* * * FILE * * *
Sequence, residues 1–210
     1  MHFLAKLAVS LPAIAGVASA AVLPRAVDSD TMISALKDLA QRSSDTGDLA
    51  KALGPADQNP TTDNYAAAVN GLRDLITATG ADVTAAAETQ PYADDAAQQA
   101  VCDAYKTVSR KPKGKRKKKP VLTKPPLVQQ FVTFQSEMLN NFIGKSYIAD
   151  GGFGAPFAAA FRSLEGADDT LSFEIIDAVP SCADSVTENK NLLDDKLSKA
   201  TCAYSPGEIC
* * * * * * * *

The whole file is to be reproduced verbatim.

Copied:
Sequence, residues 1–210
     1  MHFLAKLAVS LPAIAGVASA AVLPRAVDSD TMISALKDLA QRSSDTGDLA
    51  KALGPADQNP TTDNYAAAVN GLRDLITATG ADVTAAAETQ PYADDAAQQA
   101  VCDAYKTVSR KPKGKRKKKP VLTKPPLVQQ FVTFQSEMLN NFIGKSYIAD
   151  GGFGAPFAAA FRSLEGADDT LSFEIIDAVP SCADSVTENK NLLDDKLSKA
   201  TCAYSPGEIC